A senior airline executive warns that a further casualty of the coronavirus crisis – in addition to at least two years of financial pain – will likely be innovation and new products.
Speaking on the sidelines of the IATA World Air Transport summit in Boston on 5 October, Emirates Airline president Tim Clark says passenger carriers must first sort through financial woes before they can again test the waters of new investments, especially in the premium segment of their businesses.
“We are all in the same boat,” he says. “The next two to three years are going to see a focus on restoration of profitability, and cash positivity. And the recovery will continue on that basis until such time.”
“Part of the casualty of that will be innovation - in design, and the adoption of new products,” he says. Risk-aversion will be rampant.
Fleet replacement will also suffer, as might the eagerness of executives to embrace new technology, he adds.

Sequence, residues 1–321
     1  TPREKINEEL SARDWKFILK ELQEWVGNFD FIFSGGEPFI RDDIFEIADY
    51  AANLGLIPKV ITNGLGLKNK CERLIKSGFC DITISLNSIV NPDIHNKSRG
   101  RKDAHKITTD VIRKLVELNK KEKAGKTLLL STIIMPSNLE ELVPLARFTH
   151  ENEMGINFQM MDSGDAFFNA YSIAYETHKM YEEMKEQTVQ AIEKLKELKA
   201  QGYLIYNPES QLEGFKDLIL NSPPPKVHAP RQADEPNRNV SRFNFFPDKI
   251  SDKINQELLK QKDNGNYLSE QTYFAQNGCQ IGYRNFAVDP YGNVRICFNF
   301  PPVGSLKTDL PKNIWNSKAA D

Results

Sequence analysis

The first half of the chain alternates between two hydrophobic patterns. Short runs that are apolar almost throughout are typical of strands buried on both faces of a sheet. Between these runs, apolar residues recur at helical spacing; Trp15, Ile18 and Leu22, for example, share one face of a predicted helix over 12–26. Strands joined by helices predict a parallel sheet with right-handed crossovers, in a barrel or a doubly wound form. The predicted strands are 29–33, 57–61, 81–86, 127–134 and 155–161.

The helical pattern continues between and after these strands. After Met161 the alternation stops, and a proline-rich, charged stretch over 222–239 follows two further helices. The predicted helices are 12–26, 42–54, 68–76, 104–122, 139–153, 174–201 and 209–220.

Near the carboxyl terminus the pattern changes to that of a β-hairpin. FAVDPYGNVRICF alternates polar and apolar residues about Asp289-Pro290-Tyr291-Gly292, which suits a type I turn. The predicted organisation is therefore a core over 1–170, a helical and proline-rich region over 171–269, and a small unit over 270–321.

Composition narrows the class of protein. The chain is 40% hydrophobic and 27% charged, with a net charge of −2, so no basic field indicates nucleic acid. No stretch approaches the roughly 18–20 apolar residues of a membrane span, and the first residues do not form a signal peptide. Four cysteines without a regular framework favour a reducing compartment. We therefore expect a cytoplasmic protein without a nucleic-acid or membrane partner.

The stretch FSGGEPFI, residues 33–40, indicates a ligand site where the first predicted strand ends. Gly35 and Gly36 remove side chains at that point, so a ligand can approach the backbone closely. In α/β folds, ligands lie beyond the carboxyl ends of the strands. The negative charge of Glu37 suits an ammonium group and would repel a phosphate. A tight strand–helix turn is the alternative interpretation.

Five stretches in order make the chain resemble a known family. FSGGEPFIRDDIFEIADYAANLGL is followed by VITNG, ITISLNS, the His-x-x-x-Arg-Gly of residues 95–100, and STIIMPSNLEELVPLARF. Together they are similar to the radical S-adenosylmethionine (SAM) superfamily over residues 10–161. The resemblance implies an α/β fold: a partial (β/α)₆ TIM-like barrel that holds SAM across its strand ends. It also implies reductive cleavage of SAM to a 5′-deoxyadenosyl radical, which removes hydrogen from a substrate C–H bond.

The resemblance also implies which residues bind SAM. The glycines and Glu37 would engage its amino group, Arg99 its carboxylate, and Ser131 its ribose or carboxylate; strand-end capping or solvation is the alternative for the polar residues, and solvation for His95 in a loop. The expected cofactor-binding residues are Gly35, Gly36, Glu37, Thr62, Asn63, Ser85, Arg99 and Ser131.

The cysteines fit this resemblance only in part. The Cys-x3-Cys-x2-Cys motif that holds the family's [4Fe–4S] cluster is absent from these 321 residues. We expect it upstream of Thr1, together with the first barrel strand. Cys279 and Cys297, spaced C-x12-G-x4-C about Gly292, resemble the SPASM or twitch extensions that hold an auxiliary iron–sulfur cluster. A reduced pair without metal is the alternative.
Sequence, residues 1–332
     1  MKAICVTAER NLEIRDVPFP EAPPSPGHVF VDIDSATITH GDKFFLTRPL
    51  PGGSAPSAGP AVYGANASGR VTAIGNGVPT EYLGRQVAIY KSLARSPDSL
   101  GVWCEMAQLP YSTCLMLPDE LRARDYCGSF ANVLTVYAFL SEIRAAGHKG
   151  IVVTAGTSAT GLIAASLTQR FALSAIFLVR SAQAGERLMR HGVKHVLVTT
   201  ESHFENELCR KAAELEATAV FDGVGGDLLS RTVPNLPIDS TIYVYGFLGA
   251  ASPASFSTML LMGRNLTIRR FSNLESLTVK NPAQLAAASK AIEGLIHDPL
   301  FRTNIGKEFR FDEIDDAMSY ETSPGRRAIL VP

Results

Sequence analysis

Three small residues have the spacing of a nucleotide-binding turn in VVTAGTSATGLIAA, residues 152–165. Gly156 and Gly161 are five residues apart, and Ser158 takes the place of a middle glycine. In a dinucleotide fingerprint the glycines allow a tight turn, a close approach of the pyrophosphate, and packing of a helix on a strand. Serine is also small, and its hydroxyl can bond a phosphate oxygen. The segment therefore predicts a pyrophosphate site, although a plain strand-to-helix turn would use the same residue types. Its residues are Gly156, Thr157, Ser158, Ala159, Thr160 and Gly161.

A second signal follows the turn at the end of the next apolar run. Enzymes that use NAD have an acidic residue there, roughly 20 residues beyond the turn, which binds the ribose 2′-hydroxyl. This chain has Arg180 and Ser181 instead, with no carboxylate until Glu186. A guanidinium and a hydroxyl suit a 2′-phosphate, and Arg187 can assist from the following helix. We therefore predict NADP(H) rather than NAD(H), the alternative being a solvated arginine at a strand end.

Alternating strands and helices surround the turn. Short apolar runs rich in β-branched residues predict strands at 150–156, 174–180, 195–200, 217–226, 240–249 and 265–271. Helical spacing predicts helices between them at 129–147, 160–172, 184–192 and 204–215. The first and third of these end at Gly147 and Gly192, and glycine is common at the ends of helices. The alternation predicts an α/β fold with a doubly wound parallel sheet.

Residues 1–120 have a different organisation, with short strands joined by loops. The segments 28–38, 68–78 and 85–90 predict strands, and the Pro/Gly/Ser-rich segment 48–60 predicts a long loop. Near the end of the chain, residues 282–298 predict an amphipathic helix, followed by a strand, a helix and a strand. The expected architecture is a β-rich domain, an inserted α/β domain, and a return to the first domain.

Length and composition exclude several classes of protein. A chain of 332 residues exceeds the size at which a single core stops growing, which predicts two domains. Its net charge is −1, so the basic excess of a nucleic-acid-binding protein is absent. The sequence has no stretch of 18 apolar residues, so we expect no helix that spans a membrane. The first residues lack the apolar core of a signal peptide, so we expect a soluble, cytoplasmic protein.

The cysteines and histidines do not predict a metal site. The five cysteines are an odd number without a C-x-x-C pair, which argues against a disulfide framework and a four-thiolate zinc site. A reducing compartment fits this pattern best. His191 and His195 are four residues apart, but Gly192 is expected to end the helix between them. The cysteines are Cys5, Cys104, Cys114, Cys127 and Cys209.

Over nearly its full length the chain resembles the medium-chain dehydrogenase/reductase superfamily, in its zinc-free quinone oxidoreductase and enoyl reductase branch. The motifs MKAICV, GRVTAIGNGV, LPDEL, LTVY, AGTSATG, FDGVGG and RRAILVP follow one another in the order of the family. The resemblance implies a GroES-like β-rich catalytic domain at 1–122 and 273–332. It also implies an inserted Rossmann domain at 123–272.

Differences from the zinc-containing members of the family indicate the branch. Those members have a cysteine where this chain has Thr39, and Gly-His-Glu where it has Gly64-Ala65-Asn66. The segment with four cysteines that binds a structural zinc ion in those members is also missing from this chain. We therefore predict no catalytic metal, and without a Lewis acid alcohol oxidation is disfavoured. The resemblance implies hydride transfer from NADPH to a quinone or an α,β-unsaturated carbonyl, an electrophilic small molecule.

Part of the challenge, he says, is that numerous governments took a stake in their countries’ air transport companies in order to supply them with liquidity during the crisis last year. Public servants, he says, are not known for readily embracing untested, future-oriented technology that requires large upfront investment. These carriers are now looking to rid themselves of the inevitable caution that comes with having government representatives on their boards.
Lufthansa, whose chief executive Carsten Spohr “is desperately trying to offload the German government”, is one good example, Clark says. Spohr told a plenary session at the conference on 4 October that his company was thrilled to be able to purchase back the stake the government had taken to prop up the carrier at the height of the pandemic last year.
“It feels like being privatised for the second time,” Spohr told IATA delegates. “We said from day one that we’d rather be in debt with the financial markets than be in debt with the taxpayers. We want to go back to that as quickly as possible.”
“The fact of the matter is, the industry is cash strapped and it has taken on enormous amounts of debt,” Clark continues. “And at the end of the day, [airlines] have to get to be cash positive.” Only after that happens will there be “more of a willingness to start looking at [innovation] going forward”.